Intel's Earnings Retreat as CEO Gelsinger Works Toward Revival
By Paul Ziobro
Intel Corp. posted lower quarterly sales and profit while
lifting its full-year outlook as new Chief Executive Pat Gelsinger
fast-tracks efforts to re-energize the U.S. semiconductor giant
against the backdrop of a global chip shortage.
Intel on Thursday said first-quarter sales fell 1% to $19.7
billion, generating $3.4 billion in net income. Excluding the
pending sale of its memory business and other items, Intel said
revenue was $18.6 billion and net income was $5.7 billion. Wall
Street on average expected the company to report first-quarter
sales to $18.6 billion and net income of $4.3 billion, according to
analysts surveyed by FactSet.
"This is a pivotal year for Intel. We are setting our strategic
foundation and investing to accelerate our trajectory and
capitalize on the explosive growth in semiconductors that power our
increasingly digital world" Mr. Gelsinger said in a statement on
Intel's first quarterly earnings with him at the helm.
Intel's stock fell more than 2% in after-hours trading.
Mr. Gelsinger this month laid out an ambitious strategy for
Intel to become a major contract chip maker in addition to making
semiconductors to satisfy its in-house requirements. The plan
includes a $20 billion spending commitment to build two new
semiconductor plants in Arizona.
The CEO, on the job since February, also pledged to make some
production capacity available swiftly to help alleviate a broader
shortage of chips that has caused disruptions across a range of
industries, in particular car production.
The White House this month met with executives from the chip and
other industries to help determine what action it should take to
address the shortage and strengthen the domestic chip-building
industry. President Biden previously pledged to fix the chip
shortages and included $50 billion for the semiconductor industry
in his expansive infrastructure-spending package.
Intel's sales drop comes despite strong demand for chips
broadly. Vivek Arya, a semiconductor analyst at Bank of America,
said ahead of Intel's results that the company is being held back
by several factors. Among those are that a surge in demand for
personal computers is centered largely on lower-end devices like
Chromebooks, while Apple Inc. is ditching Intel for in-house chip
designs on some of its equipment. And after a strong year of
spending on data centers, outlays this year are expected to advance
at a slower pace, he said.
Mr. Arya expects Intel's sales growth to trail that of the
broader sector, which he projects will increase around 15% this
Mr. Gelsinger is trying to rebuild a company that has suffered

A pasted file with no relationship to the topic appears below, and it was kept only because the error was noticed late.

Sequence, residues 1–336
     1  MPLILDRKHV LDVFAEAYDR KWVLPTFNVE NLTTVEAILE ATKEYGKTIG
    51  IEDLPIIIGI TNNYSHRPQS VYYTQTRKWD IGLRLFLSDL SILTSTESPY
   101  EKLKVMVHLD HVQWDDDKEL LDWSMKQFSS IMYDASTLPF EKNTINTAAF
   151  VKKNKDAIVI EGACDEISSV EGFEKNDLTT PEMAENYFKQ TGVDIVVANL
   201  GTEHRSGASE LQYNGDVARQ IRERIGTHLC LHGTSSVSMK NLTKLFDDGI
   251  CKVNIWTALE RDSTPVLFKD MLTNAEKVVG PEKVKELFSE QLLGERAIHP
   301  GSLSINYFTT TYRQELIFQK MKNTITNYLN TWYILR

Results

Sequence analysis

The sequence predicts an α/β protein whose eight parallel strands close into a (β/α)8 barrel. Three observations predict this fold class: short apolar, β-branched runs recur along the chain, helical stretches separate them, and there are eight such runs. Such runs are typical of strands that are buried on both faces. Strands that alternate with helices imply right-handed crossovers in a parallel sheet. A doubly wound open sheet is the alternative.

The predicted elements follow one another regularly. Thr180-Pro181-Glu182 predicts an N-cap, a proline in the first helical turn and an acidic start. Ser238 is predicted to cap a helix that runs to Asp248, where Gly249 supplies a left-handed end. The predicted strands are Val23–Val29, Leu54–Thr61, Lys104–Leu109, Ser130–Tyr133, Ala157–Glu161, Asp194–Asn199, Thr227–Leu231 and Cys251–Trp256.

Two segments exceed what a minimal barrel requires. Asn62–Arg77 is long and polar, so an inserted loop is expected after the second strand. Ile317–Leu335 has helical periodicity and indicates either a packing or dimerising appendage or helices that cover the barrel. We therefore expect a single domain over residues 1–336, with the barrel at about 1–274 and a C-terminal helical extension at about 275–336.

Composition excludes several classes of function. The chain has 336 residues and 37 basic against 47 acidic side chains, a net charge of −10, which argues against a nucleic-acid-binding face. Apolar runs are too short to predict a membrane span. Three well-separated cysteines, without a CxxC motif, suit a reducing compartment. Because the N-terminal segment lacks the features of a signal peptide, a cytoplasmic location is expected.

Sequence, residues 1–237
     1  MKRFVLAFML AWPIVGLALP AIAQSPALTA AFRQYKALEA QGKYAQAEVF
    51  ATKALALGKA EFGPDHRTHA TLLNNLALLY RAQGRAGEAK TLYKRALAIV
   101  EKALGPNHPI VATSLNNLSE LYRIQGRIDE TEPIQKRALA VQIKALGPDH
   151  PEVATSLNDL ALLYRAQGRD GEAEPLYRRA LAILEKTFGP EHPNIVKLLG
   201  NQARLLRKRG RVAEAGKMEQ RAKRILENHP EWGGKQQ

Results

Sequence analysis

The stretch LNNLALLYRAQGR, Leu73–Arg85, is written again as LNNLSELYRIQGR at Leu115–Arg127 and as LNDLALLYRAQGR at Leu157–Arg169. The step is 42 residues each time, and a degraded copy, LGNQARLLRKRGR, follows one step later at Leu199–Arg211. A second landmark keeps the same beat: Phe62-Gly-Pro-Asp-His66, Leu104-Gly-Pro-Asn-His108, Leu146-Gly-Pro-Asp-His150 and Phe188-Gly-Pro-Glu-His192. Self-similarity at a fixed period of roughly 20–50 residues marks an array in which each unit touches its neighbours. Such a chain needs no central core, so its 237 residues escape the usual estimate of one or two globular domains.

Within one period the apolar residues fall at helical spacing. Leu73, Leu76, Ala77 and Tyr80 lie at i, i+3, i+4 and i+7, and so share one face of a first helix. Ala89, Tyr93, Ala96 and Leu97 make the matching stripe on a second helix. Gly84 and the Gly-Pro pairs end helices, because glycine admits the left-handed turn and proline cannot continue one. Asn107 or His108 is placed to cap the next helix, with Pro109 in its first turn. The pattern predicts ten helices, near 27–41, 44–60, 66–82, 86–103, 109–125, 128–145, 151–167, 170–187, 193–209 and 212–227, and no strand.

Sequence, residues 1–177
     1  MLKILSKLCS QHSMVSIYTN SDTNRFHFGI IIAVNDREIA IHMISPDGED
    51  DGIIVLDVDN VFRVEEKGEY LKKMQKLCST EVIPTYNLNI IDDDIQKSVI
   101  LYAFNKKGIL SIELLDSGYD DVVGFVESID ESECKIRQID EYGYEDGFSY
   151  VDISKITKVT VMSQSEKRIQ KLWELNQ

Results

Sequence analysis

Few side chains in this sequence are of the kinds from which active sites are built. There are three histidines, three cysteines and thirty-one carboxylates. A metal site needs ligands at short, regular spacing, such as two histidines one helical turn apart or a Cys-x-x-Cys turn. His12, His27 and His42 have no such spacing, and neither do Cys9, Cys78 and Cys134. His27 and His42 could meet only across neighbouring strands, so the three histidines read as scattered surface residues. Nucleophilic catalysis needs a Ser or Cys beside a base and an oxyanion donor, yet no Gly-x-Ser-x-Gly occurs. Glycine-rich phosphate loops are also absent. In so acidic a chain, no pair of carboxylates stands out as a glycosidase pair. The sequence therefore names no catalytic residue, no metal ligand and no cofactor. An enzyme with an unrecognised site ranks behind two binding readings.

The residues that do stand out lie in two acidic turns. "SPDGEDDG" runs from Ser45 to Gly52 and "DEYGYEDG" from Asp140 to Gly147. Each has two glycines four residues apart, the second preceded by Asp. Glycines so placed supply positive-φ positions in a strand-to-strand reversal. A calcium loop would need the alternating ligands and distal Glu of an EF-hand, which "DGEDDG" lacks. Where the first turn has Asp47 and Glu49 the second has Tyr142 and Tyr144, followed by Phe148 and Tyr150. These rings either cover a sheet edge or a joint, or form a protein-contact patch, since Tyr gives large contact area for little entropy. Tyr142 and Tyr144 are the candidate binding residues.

repeated setbacks in making its most advanced chip and that has
lost ground to Asian rivals. Mr. Gelsinger last month said the
company was making progress on its newest chips, though analysts
have said they want more detail.
Intel also has said it would increase outsourcing of some chip
production to keep pace, he said.
The company also is contending with increased competition.
Nvidia Corp. -- which last year overtook Intel as American's most
valuable chip company -- and Advanced Micro Devices Inc. have taken
market share. Nvidia this month also said it would start selling
central-processing units for data-centers, a market Intel has long
dominated. Intel this month introduced an enhanced data-center
Intel's effort to become a contract chip maker also isn't
without hurdles. The company has tried to break into that market
before, with little success. And its chief rivals, Taiwan
Semiconductor Manufacturing Co. and Samsung Electronic Co., are
readying their own multibillion-dollar spending plans to expand.
TSMC last week raised its capital-expenditure plan for this year to
$30 billion while lifting its sales forecast. Samsung has earmarked
$116 billion in investment by 2030 to diversify chip
Mr. Gelsinger has said Intel is planning additional chip
investments. The company could benefit from the bipartisan support
in Washington for U.S. chip companies. For instance, Intel is
bidding on a Pentagon contract to help fund domestic chip-making to
meet government security needs.
Intel said it expects revenue for the current quarter of $18.9
billion. The company also said full-year sales should reach $77
billion, $500 million above a forecast issued last month.
Write to Paul Ziobro at Paul.Ziobro@wsj.com
(END) Dow Jones Newswires
April 22, 2021 16:42 ET (20:42 GMT)
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